At a resolution of `32`

there appear to be 2 scaling
regions

```
t <- 2 # Pink noise
fd_sda(ts_list[[t]], silent = TRUE, scaleResolution = 32, noTitle = TRUE, tsName = noiseNames[t], doPlot = TRUE)
```

Below the argument `dataMin`

, which defaults to
`4`

, is used to adjust the fit range.

`fd_sda(ts_list[[t]], silent = TRUE, scaleResolution = 32, dataMin = 10, noTitle = TRUE, tsName = noiseNames[t], doPlot = TRUE)`

This is probably not a good idea…

`fd_sda(ts_list[[t]], silent = TRUE, scaleResolution = 2, noTitle = TRUE, tsName = noiseNames[t], doPlot = TRUE)`

The procedure for Detrended Fluctuation Analysis is similar to SDA,
except that within each bin, the signal is first detrended, what remains
is then considered the residual variance (see
e.g., Kantelhardt et al.
2002). The logic is the same, the way the average residual
variance scales with the bin size should be an indication of the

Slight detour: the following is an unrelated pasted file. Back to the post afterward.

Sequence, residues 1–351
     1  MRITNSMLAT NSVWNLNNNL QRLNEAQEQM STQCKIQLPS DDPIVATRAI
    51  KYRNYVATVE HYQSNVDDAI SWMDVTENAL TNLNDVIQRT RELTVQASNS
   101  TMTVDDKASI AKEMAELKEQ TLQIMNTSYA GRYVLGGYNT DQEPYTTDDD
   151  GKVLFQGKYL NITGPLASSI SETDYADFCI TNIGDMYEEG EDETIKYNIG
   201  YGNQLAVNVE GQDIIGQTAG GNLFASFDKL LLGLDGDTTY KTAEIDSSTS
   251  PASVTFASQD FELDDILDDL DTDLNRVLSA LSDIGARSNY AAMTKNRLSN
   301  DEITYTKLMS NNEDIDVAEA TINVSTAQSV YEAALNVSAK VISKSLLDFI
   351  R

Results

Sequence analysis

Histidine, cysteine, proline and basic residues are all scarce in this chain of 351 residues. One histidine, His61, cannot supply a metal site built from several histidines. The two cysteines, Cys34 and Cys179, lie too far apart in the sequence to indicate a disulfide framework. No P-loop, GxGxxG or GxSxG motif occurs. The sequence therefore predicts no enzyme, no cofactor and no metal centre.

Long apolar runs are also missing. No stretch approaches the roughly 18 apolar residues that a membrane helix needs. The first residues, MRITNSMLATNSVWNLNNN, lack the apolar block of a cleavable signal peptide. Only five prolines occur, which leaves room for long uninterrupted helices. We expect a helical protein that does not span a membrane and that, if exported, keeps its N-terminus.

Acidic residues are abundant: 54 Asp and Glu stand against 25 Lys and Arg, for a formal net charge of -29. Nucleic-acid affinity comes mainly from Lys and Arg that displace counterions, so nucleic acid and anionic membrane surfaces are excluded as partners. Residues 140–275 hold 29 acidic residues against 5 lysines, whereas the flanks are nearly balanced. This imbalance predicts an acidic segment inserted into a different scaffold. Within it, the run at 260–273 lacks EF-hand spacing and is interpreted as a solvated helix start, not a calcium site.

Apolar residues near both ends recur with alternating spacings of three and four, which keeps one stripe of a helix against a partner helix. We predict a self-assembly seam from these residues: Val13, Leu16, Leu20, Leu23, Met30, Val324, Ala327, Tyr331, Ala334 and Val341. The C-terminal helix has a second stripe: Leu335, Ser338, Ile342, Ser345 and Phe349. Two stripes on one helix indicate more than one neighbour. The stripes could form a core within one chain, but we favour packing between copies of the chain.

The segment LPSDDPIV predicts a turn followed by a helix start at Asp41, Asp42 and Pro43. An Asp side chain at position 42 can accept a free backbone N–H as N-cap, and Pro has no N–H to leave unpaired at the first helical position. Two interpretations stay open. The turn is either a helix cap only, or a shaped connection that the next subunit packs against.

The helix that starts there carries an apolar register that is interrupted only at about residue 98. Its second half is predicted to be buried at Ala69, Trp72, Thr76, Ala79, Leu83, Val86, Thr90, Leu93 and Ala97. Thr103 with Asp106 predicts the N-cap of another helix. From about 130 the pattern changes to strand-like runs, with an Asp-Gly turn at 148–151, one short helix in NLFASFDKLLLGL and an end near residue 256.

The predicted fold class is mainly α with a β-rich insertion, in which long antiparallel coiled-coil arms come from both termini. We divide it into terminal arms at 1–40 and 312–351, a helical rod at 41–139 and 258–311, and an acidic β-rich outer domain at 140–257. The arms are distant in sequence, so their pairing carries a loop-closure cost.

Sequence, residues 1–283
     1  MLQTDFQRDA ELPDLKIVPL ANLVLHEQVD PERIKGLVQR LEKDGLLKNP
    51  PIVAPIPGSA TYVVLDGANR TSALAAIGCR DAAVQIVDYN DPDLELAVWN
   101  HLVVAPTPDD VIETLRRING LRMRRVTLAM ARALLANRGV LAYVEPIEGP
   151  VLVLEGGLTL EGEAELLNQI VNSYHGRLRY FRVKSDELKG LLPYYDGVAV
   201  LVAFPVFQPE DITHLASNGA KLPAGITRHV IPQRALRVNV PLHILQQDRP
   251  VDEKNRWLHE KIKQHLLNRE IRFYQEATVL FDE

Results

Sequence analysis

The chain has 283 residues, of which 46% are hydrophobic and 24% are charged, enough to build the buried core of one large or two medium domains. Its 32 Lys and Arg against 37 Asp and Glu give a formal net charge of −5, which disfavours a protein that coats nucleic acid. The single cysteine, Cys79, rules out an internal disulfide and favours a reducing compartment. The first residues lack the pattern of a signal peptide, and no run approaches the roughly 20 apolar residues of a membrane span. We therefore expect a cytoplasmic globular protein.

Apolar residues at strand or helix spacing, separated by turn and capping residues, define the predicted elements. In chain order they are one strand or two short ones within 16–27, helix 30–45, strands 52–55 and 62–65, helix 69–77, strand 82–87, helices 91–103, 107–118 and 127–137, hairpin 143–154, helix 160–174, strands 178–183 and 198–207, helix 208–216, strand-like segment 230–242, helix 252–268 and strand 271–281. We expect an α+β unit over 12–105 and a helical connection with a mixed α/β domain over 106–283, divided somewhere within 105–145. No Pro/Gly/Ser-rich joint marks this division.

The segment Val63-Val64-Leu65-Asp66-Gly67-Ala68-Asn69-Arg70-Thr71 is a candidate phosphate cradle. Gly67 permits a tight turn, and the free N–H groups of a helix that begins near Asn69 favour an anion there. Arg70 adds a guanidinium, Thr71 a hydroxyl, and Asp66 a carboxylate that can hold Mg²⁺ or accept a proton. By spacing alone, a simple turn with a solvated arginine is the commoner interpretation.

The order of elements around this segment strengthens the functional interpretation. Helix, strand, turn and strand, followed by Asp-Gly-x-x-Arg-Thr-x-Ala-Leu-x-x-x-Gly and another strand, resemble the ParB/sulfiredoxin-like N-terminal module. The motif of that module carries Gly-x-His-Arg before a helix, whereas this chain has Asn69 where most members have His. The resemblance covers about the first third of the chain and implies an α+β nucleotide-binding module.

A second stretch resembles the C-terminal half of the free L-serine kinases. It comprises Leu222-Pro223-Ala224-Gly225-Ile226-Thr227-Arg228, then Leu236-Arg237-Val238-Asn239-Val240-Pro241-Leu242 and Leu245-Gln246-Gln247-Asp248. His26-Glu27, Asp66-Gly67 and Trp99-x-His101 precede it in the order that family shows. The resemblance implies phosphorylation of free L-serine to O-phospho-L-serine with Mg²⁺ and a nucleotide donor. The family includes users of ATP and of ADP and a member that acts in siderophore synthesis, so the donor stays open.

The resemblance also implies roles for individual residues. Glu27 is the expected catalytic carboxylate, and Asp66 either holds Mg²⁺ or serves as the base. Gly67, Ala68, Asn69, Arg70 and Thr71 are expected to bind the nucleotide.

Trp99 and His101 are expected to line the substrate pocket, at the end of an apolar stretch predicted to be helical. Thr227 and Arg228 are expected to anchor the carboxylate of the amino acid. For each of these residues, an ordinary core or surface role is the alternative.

presence of power-laws. There are many different versions of DFA, one
can choose to detrend polynomials of a higher order, or even detrend
using the best fitting model, which is decided for each bin
individually. See the manual pages of `fd_dfa()`

for
details.

```
dfaPlots <- plyr::llply(seq_along(ts_list), function(t){
fd_dfa(ts_list[[t]],silent = TRUE, returnPlot = TRUE, noTitle = TRUE,
tsName = noiseNames[t])$plot
})
cowplot::plot_grid(plotlist = dfaPlots, ncol = 1)
```

For more customization options, use function
`plotFD_loglog()`

, make sure to return the Power Law in the
output by setting `returnPLAW = TRUE`

. You could use
`plotFD_loglog()`

or create your own figure based on the data
in the `PLAW`

field of the output.

```
dfa0a <- fd_dfa(y0, silent = TRUE, returnPLAW = TRUE)
plotFD_loglog(dfa0a, title = "Custom title", subtitle = "Custom subtitle", xlabel = "X", ylabel = "Y")
```

```
psd0 <- fd_psd(y0, silent = TRUE, returnPlot = TRUE, noTitle = TRUE, tsName = "y0: Brownian (red) noise")
psd1 <- fd_psd(y1, silent = TRUE, returnPlot = TRUE, noTitle = TRUE, tsName = "y1: Pink noise")